Refugee overload for town in Arctic Norway
As Syrian refugees by the hundreds cross over from Russia, capacities in the Arctic Norwegian town of Kirkenes are reaching their limits.
Now an abandoned military compound is turned into refugee reception center.
On a windy hill outside Kirkenes representatives of the Norwegian Directorate of Civil Protection show journalists around in buildings, which formerly housed military units guarding the nearby border to Russia.
Just a couple of hundred meters away, noisy aircrafts taxi down the local airport runway and take off towards far away destinations.
Now, this will be a major reception center for the refugees running from conflict in Syria, through Russia and across the Arctic border to Norway. In only few weeks, the number of Syrians crossing the Russian-Norwegian border has exploded. In the course of the first eight months of the year, about 200 refugees had crossed the border. One and a half month later, the number exceeded 1200. And the flow of people keeps growing.
Information from the Norwegian police in East Finnmark show that close to 600 refugees have crossed the border only the last week.
In order to cope with the situation, Norwegian authorities in mid-September opened a refugee reception center with 150 people capacity in a local shelter originally built for cold war conflict situations. Later, all rooms in two local hotels were hired. Now, the abandoned military compond is to give additional relief to the situation.
The new transit center will have capacity to house 600 people, and receive as many as 300 new people per day, Lars Sørsdal from the Directorate of Civil Protection says.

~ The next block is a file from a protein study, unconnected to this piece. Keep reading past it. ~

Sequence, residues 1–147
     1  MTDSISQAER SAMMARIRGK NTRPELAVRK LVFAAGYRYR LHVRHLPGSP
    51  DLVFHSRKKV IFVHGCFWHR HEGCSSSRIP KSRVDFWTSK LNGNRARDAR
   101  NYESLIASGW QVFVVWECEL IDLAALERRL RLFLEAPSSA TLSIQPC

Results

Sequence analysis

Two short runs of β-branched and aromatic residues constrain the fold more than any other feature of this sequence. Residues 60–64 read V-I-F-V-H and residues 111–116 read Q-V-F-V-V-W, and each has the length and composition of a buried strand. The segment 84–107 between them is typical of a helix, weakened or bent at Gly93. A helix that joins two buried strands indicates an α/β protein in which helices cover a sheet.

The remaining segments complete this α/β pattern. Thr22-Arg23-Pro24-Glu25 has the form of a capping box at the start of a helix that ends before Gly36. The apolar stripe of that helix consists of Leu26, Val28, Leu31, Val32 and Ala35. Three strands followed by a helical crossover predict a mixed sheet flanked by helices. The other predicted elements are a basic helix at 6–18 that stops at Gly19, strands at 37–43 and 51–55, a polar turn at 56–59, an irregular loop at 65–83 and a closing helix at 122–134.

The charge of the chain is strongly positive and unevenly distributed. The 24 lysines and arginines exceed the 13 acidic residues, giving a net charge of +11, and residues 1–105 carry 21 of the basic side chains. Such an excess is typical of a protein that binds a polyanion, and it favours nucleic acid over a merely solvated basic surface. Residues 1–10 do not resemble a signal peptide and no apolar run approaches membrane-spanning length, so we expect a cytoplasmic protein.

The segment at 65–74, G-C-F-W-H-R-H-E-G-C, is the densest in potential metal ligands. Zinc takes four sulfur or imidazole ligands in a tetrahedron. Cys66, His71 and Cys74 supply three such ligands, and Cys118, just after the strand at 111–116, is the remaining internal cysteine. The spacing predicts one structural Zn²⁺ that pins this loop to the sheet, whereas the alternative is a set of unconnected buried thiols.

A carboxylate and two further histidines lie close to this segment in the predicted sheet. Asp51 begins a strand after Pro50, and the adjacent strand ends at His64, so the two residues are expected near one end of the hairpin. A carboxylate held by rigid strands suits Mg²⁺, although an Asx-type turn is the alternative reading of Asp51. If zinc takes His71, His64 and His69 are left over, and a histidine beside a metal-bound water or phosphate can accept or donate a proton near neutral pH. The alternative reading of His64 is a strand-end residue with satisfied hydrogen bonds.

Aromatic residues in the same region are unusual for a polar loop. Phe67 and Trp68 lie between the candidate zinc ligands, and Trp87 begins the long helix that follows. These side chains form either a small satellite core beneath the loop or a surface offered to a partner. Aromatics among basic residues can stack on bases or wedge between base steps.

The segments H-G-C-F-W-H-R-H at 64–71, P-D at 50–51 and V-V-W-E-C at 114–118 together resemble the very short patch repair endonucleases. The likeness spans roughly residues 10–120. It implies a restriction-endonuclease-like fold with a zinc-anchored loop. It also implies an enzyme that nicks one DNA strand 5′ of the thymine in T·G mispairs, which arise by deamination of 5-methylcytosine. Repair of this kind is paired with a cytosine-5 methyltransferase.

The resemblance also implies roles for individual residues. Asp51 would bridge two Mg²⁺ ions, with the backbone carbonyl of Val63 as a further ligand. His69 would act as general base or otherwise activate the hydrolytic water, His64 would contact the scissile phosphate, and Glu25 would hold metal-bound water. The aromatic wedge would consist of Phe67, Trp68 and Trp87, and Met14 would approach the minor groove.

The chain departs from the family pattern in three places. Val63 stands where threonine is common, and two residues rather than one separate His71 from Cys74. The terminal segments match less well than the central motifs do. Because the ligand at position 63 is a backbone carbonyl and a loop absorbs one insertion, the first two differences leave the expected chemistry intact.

With all the capacities in place, Kirkenes will be able to handle about 1000 refugees in transit.
Ready by November
A number of institutions are involved in the operation with the new refugee center, among them the local hospital, the police, the Civil Defence and the Directorate of Immigration.
It is the latter Directorate of Immigration which is to formally run and operate the new center.
The involved authorities are now in full swing with preparing the facility. A local construction company is making necessary renovation and adjustments in the building. A number of temporary housing blocks will be placed on the site.
According to the plan, the center will be operational already by first week of November.
”Time is the key issue”, Sørsdal underlines.
He does not dare to predict whether the 300 per day capacity will be sufficient.
Likewise, he does not dare say how long the refugee facility will be in operation. ”We will take half a year at a time and make assessments underway”, Sørsdal says.
Related stories from around the North:
Canada: Should Canada have a plan for climate refugees?, Radio Canada International
Finland: Record number stripped of Finnish citizenship, Yle News
Norway: Refugees find Arctic gate to Schengen, Barents Observer
Russia: Russia-Norway border traffic follows ruble downward, Barents Observer
Norway: Air route links Norway, Sweden and Finland in Arctic, Barents Observer